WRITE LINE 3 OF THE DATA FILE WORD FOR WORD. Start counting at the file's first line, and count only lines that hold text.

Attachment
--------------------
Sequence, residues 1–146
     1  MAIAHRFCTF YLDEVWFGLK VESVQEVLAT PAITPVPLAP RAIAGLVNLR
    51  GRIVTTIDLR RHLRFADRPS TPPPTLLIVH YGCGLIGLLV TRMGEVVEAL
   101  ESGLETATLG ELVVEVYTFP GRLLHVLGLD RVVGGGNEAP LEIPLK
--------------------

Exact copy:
    51  GRIVTTIDLR RHLRFADRPS TPPPTLLIVH YGCGLIGLLV TRMGEVVEAL